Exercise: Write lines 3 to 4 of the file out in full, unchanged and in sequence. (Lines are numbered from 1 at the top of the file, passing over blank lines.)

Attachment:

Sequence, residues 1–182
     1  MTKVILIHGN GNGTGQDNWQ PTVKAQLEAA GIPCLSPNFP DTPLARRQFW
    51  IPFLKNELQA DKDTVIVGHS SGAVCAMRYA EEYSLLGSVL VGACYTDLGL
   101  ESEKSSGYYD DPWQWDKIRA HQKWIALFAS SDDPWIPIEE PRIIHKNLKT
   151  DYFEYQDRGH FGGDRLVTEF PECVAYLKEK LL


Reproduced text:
    51  IPFLKNELQA DKDTVIVGHS SGAVCAMRYA EEYSLLGSVL VGACYTDLGL
   101  ESEKSSGYYD DPWQWDKIRA HQKWIALFAS SDDPWIPIEE PRIIHKNLKT